Funky New Jam from Fol Chen

Are you looking for something a little bit peppy to get your day started?  Well, if so, you better get on this brand new track from Fol Chen.  While this track doesn’t come in preparation for a new record, it does come with a bit of interest to it.  The band has created a new sound device called the Tetrafol, which they used to manipulate the sounds you’ll hear on this new jam.  I’m not much of a music maker, so I’m not sure precisely how it all works, but you can read about it HERE to get the low-down on how it works, and how you can use it at home.  Regardless, this track is a fun little jam to kick off the week.


Download: Fol Chen – So Good [MP3]

Fresh New Rocker from Manatee

If you thought the year was over in regards to new music, well, Slumberland Records has news for you kids! They’ve got one more release coming your way soon,  this brand new 7″ flexi from Oakland’s Manatee. I can’t get the A-Side from this excellent release out of my head, and I think that’s mostly because it sounds like old school rock n’ roll coming out of Oakland, and by that, I mean circa late 80s and into the 90s (that’s old school) for me.  It’s a bit punky, but also a bit quirky, which definitely seems to fit the band’s attitude.  Come on, the B-Side is titled “Chased by Anderson Cooper,” so it’s all about fun, yet it’s all about being good too!


Download: Manatee – Mr Super [MP3]

New Music from Sharon Van Etten

I know Turkey Day is drawing near, but there’s still some great music leaking out today, so I’m going to try and stay on top of it.  This new track from Sharon Van Etten has me really excited, and not just because it features members of The National, Walkmen and Wye Oak; it’s because I’ve got a bit of a crush on Sharon…and her music too! The songstress has a new album coming out titled Tramp, which will be released on Jagjaguwar on February 7th.  This song’s got a nice little cascading guitar line cutting through the rhythm guitar, and Van Etten’s voice sounds every bit as beautiful as I remember it in the live setting.  This is shaping up to be a good 2012 already.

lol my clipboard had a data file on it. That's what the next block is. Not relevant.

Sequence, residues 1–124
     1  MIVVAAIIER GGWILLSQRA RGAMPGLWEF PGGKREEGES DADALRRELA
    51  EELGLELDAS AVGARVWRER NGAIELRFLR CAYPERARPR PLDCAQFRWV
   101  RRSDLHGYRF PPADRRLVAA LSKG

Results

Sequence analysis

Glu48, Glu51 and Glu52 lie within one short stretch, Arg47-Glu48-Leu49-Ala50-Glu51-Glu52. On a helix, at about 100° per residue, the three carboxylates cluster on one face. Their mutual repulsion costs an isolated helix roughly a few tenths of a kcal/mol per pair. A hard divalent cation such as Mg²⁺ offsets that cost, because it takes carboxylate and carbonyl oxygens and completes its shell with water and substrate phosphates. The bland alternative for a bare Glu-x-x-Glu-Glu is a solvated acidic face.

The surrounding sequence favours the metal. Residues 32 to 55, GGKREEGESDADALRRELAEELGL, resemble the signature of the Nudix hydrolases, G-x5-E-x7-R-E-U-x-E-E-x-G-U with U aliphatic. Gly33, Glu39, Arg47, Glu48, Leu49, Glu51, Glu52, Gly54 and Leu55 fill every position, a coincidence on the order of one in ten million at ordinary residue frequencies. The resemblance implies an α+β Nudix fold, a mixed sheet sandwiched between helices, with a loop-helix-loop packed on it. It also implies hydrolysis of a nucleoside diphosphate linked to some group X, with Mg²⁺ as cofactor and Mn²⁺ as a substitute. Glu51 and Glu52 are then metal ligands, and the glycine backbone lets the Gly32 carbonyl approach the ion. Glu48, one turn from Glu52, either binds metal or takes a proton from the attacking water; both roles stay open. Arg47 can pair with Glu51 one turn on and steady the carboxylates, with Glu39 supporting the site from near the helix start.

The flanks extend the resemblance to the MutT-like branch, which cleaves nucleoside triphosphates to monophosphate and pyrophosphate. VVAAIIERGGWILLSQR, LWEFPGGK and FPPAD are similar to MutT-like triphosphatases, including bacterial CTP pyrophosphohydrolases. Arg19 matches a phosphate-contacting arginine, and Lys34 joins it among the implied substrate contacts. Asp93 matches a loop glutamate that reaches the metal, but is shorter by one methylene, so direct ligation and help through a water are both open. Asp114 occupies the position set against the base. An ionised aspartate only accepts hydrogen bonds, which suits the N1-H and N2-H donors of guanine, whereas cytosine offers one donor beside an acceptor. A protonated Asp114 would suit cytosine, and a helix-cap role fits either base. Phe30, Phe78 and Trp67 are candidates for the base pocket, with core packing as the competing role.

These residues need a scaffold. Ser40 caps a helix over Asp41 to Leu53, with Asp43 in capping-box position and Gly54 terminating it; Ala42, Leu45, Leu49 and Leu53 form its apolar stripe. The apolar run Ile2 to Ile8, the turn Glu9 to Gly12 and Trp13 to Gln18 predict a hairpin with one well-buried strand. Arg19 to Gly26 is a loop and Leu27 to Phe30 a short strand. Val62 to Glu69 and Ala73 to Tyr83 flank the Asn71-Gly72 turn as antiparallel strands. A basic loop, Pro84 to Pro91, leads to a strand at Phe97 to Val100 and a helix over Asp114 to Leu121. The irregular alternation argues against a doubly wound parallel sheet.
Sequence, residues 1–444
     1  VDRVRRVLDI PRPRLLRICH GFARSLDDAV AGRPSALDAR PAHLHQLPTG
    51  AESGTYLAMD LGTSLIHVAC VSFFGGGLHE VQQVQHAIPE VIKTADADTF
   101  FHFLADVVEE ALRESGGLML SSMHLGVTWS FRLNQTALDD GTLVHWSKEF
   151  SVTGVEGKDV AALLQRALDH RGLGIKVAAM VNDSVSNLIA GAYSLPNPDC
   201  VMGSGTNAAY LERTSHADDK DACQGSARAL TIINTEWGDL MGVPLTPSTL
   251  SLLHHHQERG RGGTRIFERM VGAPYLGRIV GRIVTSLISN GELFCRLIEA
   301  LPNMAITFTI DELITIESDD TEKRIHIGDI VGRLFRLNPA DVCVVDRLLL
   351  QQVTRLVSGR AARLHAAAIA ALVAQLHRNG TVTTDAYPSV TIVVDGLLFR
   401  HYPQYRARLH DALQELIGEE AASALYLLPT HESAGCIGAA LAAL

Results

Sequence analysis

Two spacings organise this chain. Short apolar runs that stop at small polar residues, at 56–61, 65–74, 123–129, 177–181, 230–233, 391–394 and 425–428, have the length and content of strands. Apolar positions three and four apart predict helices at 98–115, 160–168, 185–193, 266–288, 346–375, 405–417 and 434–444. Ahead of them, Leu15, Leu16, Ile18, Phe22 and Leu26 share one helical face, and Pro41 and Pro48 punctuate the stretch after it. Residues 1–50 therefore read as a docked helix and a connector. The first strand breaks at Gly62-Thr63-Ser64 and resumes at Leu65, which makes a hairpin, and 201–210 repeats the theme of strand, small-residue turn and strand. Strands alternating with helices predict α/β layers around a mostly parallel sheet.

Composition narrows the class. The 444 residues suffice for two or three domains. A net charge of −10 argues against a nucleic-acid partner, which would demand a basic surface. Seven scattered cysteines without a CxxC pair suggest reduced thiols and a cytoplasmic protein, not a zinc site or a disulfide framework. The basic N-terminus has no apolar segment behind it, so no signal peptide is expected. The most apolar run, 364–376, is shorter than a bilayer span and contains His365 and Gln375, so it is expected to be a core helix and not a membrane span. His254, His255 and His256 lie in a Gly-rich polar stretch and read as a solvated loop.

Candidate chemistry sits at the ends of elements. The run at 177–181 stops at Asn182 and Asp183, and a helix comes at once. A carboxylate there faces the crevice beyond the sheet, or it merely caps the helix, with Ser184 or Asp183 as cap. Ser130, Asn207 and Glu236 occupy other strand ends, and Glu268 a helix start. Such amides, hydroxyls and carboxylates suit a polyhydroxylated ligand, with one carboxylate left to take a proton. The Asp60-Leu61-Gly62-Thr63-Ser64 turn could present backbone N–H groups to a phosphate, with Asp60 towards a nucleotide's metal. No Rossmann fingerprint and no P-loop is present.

Download: Sharon Van Etten – Serpents [MP3]

Fun Fest Interviews: Cloud Nothings

Sorry that we’re just now getting this one finished, but it takes us awhile to recover from all the good times at Fun x 3 Fest. This last interview is with one of our favorite bands of 2011, Cloud Nothings. We were fortunate enough to catch up with the band, and ask them a bunch of random questions, as we’re wont to do. Hope it’s informative. And I’m sorry I look so fat on camera.

Follow the jump for video.

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New Music from Allbrook/Avery

This was an interesting surprise when it popped up in my inbox this weekend.  Allbrook/Avery is the project of the bassist from Tame Impala, one of the popular indie bands of the day.  The group has just released their album Big Art, and it’s something that I think offers a bit for all listeners.  Part of it is that sort of fuzzed out guitar playing, the sort you associated with Tame Impala, but beneath it all is this really accessible pop vocal delivery, begging for people to really dig into the track.  If you like what you hear, be sure to check out the band’s record, as it’s full of moments just like this.


Download: Allbrook/Avery – Wait ’til Morning [MP3]

Sorry I Missed This: Spanish Prisoners

With so much going on in the month of October, I regret to inform you folks that I missed something pretty excellent, the brand new record from New York’s Spanish Prisoners.  The band has self released their album, Gold Fools, over at their web site, where you can pay what you want for it (please pay to support the band). There’s a recent remix of the following track floating around, but I think the original epitomizes everything I love about this listen.  The guitars trickle ever so gently, as percussion builds up, and the light-hearted vocals really add another level to the song.  Head over and check out the band’s record quick; you don’t want to miss this one.


Download: Spanish Prisoners – Know No Violence [MP3]

New Pop from Raised Among Wolves